As we prepare for Mallard 75 celebrations,I’ve started to look at the many ways Mallard, the world’s fastest steam loco, has inspired people from appearing on pub signs to having new scientific discoveries named after it.
Then, through a fan’s tweet, I came across English Prog Rock band Big Big Train. They were so inspired by this beautiful loco, on a visit to our museum no less!, that they wrote a song titled ‘East Coast Racer’. I contacted them to find out more and band-member Greg kindly offered to write a guest blog. So without further ado please find below ‘Big Big Train’ telling you how ‘Mallard inspired a rock band’.
“I play bass and write songs for a progressive rock band called Big Big Train. We have recently released an album which features a track about Mallard. The song is called East Coast Racer and tells the story of Mallard and of the people who designed, made, fired and drove her.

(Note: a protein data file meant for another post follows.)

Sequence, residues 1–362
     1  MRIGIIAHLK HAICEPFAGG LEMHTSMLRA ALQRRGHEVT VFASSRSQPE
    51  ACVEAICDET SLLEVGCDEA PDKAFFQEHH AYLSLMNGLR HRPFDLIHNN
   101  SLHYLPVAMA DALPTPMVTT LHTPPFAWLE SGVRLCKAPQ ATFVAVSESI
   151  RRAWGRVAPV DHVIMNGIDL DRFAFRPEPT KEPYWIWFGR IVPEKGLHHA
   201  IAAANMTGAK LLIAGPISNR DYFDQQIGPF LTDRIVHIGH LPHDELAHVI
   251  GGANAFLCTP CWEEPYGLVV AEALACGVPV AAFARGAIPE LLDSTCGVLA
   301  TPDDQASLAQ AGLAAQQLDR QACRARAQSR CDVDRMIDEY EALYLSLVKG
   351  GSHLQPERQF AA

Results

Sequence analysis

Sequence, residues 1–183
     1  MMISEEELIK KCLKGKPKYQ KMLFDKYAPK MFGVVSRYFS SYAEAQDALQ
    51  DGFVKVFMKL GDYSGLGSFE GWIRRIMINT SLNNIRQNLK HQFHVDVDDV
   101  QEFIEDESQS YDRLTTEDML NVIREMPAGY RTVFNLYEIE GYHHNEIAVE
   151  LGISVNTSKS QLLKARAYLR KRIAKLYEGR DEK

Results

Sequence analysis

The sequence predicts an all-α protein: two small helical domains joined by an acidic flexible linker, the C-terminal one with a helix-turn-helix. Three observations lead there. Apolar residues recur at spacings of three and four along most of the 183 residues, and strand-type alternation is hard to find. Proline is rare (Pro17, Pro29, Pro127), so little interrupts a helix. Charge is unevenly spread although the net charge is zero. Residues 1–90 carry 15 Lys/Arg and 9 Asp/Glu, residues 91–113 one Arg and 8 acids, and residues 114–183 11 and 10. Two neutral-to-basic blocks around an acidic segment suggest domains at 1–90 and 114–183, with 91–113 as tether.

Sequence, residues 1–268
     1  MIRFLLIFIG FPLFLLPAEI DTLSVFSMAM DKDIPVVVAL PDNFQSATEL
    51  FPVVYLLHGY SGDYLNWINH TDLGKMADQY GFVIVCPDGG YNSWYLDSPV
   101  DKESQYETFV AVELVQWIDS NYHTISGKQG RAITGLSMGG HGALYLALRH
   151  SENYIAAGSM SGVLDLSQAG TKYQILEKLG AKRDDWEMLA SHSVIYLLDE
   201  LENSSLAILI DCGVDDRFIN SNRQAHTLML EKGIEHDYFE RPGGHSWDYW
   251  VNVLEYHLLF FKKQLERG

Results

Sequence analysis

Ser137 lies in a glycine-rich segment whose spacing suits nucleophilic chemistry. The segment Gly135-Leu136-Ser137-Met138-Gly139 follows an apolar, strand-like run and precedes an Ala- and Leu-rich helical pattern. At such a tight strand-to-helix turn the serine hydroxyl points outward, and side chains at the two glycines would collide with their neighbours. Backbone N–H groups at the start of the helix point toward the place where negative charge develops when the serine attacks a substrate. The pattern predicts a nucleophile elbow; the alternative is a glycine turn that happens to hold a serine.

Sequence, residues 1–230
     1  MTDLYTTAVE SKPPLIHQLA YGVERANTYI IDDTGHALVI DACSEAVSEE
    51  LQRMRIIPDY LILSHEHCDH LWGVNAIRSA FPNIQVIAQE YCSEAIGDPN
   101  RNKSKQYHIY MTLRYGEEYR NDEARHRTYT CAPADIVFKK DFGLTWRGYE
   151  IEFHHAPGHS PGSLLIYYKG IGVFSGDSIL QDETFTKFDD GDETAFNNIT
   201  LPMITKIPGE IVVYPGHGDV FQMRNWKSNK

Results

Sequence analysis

We like to tell true-life stories with our songs and we look for interesting historical tales which we can set to music. A few years ago I paid my first visit to the National Railway Museum. The sight of Mallard stopped me in my tracks and I knew that I wanted to write a song about her. Whilst Mallard was made for speed the designers created something of extraordinary beauty and, in the song, I wanted to capture the connection between the company of people who worked on the engine and the extraordinary machine they created.
It is a tale with a wonderful list of main characters; designer Sir Nigel Gresley, his assistant Oliver Bulleid, fireman Tommy Bray and driver Joe Duddington. Alongside those with starring roles was a community of engineers and railwaymen who all played a part.
The epic story of Mallard deserves an epic soundtrack and East Coast Racer is a long piece of music, written in true progressive-rock style. The song begins with the construction of Mallard where we have sought to create a sense of the sounds of the workshops, and ends with Mallard’s record breaking run where we used a string quartet and brass band to help convey the speed of the train running down Stoke Bank.”
Big Big Train
This is a guest post by Sam, who handles the social media channels for the museum.